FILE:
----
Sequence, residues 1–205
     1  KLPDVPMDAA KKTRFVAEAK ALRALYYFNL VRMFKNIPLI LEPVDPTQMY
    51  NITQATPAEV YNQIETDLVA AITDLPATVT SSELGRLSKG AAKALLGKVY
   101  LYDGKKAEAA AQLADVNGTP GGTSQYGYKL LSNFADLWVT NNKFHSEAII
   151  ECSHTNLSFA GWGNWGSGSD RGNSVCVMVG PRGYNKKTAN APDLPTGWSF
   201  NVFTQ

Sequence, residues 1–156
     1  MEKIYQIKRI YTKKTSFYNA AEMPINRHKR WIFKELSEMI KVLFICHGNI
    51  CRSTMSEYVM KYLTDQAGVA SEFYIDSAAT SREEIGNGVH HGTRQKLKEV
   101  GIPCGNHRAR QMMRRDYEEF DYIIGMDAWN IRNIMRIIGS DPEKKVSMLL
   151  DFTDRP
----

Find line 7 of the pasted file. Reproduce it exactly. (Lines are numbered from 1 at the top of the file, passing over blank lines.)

Sequence, residues 1–156